Brewster, hired less than two weeks ago to replace Angelo Mirando, now has one game under his belt in Starkville. MSU thumped Jackson State, 56-9, on Saturday, and the receivers' performance left Brewster with little to complain about.
State had 183 yards passing, with eight receivers catching passes. Six players had at least two receptions, and nobody had more than three. And there were zero drops.
"I thought it was an incremental step towards what I want," Brewster said. "I want us to be more physical in the run game, I want us to be better blockers, and then the catches are going to come.
"The big plays in the passing game are going to come. But I want our guys to kind of take a hard-hat mentality to the game."
The sure-handedness of MSU's receivers could become a trademark this fall. Seniors Arceto Clark and Chris Smith have already established reputations as sticky-fingered ball catchers, and on Saturday, sophomores Brandon Hill (a tight end) and Jameon Lewis made nice snags.
After reviewing the tape, the only thing close to a drop that head coach Dan Mullen could find was a play on which Jackson State was flagged for pass interference.
Holding onto the ball is a point of pride for the receivers.
"All offseason that's mostly what we talked about - we wanted to eliminate drops and make the play when our number was called," Chad Bumphis said. "The first game we did it."
Sign your name
One thing Brewster is trying to do is make sure his players take pride in the position they play, and he wants them to own their game.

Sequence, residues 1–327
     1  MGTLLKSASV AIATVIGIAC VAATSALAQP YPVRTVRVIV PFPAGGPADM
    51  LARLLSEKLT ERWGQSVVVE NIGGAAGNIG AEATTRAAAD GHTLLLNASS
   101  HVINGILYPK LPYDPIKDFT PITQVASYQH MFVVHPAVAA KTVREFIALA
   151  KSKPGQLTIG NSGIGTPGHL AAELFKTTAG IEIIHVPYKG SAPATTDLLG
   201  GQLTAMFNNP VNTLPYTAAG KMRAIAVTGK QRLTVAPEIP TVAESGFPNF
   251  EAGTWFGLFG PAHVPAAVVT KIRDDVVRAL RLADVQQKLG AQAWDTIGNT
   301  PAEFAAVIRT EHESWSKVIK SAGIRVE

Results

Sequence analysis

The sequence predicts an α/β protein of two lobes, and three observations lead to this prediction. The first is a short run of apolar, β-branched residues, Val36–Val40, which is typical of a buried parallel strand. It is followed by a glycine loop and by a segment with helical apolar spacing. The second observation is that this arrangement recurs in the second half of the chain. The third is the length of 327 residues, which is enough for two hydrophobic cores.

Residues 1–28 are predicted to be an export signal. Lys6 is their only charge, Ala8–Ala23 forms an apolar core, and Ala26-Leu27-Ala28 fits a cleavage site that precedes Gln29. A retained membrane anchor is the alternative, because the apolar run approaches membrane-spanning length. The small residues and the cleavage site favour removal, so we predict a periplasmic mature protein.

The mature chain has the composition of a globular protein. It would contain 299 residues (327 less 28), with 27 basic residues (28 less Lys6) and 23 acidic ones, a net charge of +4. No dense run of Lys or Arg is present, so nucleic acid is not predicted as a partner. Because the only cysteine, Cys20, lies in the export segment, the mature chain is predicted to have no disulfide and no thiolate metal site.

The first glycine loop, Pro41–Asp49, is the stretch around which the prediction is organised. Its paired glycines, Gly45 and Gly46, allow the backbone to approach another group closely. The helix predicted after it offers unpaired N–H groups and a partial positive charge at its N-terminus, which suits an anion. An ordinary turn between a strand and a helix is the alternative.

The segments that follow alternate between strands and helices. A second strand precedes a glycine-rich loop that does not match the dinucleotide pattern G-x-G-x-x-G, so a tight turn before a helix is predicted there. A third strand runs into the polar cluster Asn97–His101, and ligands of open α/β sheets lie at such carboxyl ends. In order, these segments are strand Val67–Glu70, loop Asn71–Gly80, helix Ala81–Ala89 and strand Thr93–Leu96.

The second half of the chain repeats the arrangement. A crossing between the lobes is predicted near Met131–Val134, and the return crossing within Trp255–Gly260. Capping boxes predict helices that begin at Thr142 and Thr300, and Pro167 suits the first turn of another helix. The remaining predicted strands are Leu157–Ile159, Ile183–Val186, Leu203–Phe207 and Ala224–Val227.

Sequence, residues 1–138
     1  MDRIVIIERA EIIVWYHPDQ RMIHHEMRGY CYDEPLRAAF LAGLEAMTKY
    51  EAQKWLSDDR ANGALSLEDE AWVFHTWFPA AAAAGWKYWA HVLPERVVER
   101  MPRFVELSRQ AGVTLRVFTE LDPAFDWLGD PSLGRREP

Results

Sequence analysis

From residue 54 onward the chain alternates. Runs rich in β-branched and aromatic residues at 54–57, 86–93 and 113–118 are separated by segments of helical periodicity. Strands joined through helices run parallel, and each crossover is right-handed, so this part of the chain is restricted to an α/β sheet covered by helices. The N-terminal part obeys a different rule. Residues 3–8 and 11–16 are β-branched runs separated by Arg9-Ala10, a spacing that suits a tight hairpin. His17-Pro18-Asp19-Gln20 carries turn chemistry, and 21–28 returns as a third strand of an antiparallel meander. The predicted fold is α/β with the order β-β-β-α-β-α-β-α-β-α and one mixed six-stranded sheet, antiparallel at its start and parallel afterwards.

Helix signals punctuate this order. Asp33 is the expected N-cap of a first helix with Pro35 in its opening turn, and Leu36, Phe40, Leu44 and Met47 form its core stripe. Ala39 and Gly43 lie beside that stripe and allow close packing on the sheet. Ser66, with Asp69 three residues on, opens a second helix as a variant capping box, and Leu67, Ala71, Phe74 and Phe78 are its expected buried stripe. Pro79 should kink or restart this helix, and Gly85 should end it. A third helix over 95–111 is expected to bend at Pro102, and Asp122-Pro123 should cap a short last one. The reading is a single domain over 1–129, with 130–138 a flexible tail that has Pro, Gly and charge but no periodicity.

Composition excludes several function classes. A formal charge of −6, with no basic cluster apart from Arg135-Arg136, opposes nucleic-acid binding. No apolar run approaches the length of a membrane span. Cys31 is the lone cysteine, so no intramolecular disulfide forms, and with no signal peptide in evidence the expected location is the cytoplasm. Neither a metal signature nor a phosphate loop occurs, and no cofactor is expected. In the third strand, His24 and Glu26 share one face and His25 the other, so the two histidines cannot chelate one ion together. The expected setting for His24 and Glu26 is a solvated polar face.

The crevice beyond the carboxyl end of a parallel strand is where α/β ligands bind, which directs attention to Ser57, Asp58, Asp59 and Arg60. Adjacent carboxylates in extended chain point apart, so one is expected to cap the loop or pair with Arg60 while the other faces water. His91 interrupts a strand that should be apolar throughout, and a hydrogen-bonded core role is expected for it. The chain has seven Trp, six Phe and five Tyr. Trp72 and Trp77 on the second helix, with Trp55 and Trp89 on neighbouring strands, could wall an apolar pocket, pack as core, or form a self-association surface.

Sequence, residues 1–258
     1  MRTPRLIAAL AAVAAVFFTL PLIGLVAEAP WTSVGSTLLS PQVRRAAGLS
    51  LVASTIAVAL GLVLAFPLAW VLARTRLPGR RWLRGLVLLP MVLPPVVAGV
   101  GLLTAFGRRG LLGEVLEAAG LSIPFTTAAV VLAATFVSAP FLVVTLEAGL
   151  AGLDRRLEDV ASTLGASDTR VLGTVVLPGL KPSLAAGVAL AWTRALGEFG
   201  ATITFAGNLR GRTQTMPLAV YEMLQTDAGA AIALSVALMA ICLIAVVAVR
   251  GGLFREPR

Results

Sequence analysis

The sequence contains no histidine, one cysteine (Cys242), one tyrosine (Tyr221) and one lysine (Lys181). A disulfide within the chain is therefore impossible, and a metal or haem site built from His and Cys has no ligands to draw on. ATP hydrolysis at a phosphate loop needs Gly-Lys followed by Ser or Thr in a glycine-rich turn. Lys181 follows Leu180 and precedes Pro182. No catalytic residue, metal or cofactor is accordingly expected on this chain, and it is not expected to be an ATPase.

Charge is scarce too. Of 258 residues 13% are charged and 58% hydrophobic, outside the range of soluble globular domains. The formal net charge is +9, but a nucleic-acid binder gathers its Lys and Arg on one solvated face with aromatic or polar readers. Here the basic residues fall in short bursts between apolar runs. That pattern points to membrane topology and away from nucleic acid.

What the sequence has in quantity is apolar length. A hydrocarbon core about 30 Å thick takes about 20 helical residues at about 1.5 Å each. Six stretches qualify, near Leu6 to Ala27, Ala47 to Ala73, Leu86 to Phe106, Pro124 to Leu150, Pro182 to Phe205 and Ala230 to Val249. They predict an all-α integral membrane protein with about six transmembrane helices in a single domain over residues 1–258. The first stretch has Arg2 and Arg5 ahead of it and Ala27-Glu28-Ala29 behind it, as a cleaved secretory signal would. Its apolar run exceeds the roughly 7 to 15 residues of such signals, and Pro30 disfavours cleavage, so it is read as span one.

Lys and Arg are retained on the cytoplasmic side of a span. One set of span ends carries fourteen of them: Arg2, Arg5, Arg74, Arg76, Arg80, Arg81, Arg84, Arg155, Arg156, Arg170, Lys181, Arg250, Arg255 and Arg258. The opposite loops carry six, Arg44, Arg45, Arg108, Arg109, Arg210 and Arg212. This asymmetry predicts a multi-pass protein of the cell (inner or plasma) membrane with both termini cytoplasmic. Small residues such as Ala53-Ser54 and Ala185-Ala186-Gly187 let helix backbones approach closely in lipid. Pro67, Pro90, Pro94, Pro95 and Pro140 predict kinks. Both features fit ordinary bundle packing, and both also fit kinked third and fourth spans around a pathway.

"I talk to my players about signing their name to their performance, and what does your name mean to you," he said. "You've got to take a great deal of pride in everything that you do. Never take a lazy step on the football field, that's something that I live by as a coach."
That's something MSU's receivers haven't heard before. That's according to sophomore Jameon Lewis, who had three catches for 32 yards against JSU.
"That was something new, because that was my first time hearing it, but when he told us that, it's like, powerful," Lewis said. "Everything you do, it's you. Whatever you put on film, that's who you are."
Said Bumphis, "Every day they tell us, when we go out and practice and play, we put our rampésumampé together when we're on the field, and you want to make sure that when other people watch you, they know they're going to go against somebody good, and they know what they're going to get."